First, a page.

Tuesday, November 3, 2009
Convention Center, Exhibit Hall BC, Second Floor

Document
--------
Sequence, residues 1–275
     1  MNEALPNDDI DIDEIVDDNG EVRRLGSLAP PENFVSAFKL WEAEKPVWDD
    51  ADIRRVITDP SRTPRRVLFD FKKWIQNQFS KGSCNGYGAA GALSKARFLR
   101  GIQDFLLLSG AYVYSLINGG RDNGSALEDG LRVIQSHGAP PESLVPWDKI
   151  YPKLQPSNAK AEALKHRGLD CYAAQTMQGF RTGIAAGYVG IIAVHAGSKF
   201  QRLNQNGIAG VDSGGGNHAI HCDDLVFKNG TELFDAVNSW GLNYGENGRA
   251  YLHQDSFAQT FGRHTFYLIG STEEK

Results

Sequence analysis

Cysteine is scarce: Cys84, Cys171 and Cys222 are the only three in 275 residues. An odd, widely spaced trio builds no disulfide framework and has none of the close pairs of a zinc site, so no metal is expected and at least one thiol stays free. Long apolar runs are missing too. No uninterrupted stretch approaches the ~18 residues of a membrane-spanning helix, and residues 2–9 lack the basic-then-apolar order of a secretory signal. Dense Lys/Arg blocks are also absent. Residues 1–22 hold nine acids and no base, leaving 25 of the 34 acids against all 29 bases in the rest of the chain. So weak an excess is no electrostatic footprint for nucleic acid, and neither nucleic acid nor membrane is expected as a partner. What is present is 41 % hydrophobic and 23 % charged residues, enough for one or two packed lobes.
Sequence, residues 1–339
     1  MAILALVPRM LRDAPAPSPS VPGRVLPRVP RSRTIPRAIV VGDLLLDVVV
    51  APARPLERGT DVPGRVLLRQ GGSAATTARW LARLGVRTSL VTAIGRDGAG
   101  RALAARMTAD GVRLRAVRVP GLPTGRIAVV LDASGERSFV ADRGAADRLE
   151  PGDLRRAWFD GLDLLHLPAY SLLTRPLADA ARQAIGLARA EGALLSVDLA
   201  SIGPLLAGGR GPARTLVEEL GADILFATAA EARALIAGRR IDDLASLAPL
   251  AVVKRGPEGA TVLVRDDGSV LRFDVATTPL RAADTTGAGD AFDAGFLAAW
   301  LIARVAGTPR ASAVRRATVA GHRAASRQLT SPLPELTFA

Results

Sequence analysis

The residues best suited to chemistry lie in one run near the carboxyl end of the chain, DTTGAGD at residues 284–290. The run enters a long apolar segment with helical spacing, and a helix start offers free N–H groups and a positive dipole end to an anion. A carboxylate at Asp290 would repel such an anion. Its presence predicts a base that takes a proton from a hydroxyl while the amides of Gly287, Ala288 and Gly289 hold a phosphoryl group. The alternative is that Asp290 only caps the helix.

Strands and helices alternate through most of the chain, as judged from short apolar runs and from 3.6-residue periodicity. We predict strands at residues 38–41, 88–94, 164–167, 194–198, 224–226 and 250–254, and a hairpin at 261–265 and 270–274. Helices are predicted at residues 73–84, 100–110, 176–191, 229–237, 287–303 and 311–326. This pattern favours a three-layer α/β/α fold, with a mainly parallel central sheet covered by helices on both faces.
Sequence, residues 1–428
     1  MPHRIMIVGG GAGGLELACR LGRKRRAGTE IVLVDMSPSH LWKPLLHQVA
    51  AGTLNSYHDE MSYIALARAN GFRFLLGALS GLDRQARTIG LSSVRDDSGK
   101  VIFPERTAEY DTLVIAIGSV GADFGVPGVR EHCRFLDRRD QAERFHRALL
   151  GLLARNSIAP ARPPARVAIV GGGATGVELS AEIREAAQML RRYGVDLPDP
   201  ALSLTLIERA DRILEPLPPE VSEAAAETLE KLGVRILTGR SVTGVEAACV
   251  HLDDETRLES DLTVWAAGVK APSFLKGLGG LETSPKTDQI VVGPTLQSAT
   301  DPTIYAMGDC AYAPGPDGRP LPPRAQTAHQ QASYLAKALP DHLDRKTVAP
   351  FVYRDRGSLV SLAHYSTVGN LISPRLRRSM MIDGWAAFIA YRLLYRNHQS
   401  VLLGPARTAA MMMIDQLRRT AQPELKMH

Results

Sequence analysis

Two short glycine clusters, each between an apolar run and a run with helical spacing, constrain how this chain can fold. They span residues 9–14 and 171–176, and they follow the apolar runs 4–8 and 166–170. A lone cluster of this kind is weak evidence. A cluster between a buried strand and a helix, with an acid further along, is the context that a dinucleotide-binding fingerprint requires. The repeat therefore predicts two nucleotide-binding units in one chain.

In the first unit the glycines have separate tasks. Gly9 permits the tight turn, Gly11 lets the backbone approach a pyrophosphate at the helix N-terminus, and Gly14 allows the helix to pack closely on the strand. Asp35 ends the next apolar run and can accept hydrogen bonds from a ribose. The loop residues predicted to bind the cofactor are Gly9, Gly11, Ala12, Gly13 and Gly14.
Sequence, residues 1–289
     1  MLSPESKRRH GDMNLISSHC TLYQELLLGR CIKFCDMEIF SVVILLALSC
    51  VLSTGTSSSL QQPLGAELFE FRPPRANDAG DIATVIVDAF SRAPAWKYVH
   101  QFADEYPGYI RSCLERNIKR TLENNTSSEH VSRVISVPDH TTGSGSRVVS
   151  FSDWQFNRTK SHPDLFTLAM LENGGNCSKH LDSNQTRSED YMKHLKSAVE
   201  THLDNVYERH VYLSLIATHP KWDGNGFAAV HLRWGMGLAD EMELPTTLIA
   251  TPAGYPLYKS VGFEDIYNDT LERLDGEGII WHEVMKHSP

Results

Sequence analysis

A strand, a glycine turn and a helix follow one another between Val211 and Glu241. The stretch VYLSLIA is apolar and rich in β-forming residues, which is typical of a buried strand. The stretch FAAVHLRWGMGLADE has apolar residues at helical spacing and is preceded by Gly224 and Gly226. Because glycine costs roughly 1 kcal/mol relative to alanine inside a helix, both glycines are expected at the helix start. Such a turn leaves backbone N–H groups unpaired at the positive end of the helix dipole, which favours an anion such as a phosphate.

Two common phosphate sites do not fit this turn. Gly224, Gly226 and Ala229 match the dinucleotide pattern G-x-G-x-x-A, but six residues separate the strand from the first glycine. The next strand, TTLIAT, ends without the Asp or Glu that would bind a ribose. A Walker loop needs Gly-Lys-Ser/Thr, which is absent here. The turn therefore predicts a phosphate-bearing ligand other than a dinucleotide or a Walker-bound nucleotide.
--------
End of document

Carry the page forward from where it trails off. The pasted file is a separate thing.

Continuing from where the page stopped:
Over the last decade, the greenhouse industry experienced a significant increase in production capacity in response to enhanced demand of high-quality crops. To optimize yield and quality of greenhouse crops, substrates with optimal balance of aeration and water holding properties are essential. A wide variety of root zone media such as perlite, rockwool, coco coir, foamed glass, or mixtures of these substrates have been successfully used in greenhouse agriculture. There is mounting evidence that dual porosity (i.e. aggregated) media that contain small intra-aggregate pores for water storage and larger inter-aggregate pores for aeration create an improved rhizosphere environment for many crops. To investigate the suitability of these substrates and various mixtures thereof for cultivation of tomatoes, we conducted a comprehensive measurement campaign to characterize water retention properties. The measured substrate water retention curves exhibit various unimodal (e.g., coco coir and rockwool) and bimodal shapes (e.g., foamed class and perlite) with differing air entry potentials, providing valuable information for irrigation scheduling to balance water storage and aeration for optimum growth conditions. Obtained properties were used to parameterize a 3-D HYDRUS model to optimize irrigation frequency and discharge rates for a typical growth bag. Simulations compared favorably with laboratory experiments conducted under controlled environmental conditions.